Transmissions: Reflecting on Genghis Con

Genghis Con was two Sundays ago, the weekend after black Friday. I spent a lot of money on books, had a great time, and over the course of the Sunday show and the Monday Brainstorm Lecture I met a lot of great people in person for the first time. 

Thanks genghisconcleveland for a great show.

This is going to be more stream of consciousness than usual. 
I met Cathy G. Johnson at the show for the first time in person. I pulled out my business card to ID myself (my twitter icon is prominently displayed on the front of the card). Taking off the internet face/mask is scary. I’m not an outgoing person by nature – shows always make me nervous and a little “butterflies in the stomach”-style distressed. Thankfully, Cathy is one of the nicest people I’ve met in comics. Talking to Cathy in person for the first time was like talking to an old friend.
After talking a while with Cathy, I chatted with Kevin Czap about running the show and how things were going. This was the first time I had been at the show and the first year in the new space at the Screw Factory, and it seemed to be going pretty well once it was all up and running. Good crowd, a food truck outside. From an attendee’s perspective, it seemed super smooth, almost effortless. 
I wound my way round the building. Talked to folks from the Oberlin Comics Collective, bought a lot of zines. Had a nice discussion with Tym Godek about formal tricks and process. Met MJ Robinson and I wish I could have paid them way more for a copy of Rind than they were charging.
Patronized John Porcellino’s table and dropped some $$, mostly his own work this time. I last saw John at SPACE, and spent most of my money on distro stuff, which was good for me at that point in my reading.  We talked briefly about the end of his book tour and the travel. I had my copy of The Hospital Suite to get signed and other King Cat stuff to buy. I’m not going to dive into all of it right away, but I’m going to be happy to have those books in February. 
Met Jim Rugg and talked to him about manga mostly, and his own comics. Took up a ton of his time, talking about Wandering Son, Cross Game, Tezuka; he talked about wanting to find more comics that were written for/about adolescents. I hope the suggestions helped. jimrugg – I should have also plugged Twin Spica, you should check that one out too.
Jim and Frank Santoro were basically at the same table, so I stopped and chatted with Frank briefly about the demise of PictureBox, the damn-shamed-ness of it all. We chatted about the insane internet price of the first issues of Copra. Finally bought a copy of Pompeii – I told him I write and he threw a copy of Comics Workbook Magazine at me.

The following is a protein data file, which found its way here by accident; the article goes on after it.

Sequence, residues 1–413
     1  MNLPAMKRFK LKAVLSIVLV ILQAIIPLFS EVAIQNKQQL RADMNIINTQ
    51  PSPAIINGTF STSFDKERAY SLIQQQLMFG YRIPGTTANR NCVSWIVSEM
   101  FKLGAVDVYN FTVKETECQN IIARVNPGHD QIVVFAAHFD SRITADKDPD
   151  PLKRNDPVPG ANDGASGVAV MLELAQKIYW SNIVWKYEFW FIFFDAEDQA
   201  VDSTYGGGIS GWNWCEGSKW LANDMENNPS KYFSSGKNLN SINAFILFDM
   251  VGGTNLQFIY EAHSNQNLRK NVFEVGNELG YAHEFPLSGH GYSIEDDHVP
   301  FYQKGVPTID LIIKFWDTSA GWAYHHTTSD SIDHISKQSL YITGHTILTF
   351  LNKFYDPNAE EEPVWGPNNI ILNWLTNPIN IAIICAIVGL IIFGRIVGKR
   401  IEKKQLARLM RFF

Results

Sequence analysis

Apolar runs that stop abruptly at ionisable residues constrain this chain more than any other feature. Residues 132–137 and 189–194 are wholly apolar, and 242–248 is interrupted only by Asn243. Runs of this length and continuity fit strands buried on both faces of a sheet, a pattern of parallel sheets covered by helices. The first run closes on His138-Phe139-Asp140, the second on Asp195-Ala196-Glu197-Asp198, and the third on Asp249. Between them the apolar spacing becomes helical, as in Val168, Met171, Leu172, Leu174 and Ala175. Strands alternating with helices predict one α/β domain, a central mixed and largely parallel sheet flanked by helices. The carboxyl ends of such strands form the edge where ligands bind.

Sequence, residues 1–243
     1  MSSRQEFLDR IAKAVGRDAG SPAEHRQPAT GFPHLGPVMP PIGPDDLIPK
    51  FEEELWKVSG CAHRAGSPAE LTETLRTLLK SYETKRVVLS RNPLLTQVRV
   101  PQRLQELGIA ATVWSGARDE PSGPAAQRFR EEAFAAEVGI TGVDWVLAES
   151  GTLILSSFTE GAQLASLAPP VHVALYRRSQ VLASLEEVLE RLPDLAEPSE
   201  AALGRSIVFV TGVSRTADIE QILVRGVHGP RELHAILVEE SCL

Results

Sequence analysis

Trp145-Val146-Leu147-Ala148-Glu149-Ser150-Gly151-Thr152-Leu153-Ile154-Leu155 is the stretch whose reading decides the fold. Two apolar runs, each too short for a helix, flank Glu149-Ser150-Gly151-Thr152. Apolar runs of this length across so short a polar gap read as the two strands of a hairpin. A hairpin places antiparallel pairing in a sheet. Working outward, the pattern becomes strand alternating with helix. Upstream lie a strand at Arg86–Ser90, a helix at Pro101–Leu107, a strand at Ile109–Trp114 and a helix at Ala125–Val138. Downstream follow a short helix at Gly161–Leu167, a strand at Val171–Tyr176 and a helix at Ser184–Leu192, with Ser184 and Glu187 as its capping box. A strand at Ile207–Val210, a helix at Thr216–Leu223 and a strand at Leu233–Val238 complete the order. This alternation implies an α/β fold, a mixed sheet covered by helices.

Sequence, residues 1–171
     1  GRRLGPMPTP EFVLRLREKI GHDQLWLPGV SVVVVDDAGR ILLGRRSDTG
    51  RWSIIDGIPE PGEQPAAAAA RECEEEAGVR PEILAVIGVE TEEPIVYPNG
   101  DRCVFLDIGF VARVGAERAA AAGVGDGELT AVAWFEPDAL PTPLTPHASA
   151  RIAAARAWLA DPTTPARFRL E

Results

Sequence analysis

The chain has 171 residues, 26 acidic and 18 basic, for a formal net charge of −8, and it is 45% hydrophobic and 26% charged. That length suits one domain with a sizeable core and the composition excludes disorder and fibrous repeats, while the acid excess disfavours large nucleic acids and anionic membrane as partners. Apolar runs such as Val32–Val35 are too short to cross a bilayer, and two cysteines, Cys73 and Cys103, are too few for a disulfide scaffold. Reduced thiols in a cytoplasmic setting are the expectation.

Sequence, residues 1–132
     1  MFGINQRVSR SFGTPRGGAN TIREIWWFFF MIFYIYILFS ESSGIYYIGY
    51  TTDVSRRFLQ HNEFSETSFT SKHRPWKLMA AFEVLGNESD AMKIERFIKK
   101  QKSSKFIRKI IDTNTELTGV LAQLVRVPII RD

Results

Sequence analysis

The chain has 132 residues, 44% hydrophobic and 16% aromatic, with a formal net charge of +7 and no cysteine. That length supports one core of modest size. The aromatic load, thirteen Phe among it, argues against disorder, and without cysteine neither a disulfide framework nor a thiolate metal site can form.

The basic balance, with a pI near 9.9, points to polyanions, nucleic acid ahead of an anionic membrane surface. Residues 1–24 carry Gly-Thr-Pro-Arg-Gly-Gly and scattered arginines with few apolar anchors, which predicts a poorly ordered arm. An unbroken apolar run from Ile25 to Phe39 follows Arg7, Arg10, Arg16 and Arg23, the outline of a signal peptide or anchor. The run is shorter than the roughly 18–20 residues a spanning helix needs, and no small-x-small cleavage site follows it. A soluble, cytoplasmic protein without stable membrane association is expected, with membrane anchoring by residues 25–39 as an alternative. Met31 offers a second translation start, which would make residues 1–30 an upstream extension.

Frank is an interesting person. Earlier this year I got all pissed off because he said he wouldn’t read reviews of comics by people who didn’t make them. Which was me being self-absorbed and myopic, but it was how I felt. 
Now I don’t know what to think/feel about that. Does an art critic need to be proficient in an art in order to have a voice? How is an artist generally supposed to respond to criticism? I’m still struggling with those questions. I’ll probably struggle with them for a while.
I’ve been thinking about Genghis Con for a while now and my year as a comics reader. I saw Frank give the “hard sell” to a con-goer on Katie Skelly’s Operation Margarine. He asked if they were a comics maker, and they said “no, I’m just a reader.” He told them that was important. 
I have ruminated on this idea for a while, the idea of being “just a reader.” I joked with Cathy and Kevin after the Brainstorm lecture I covered last week that I would write a manifesto about it. It’s getting a few sentences here because it is important to me that independent cartoonists have an audience outside of the cartoonist community.
I could never make comics. But I admire the people that do. What you do feels so essential, and I want to support that as much as possible.
I’m happy to play my part –whatever it is, or becomes.

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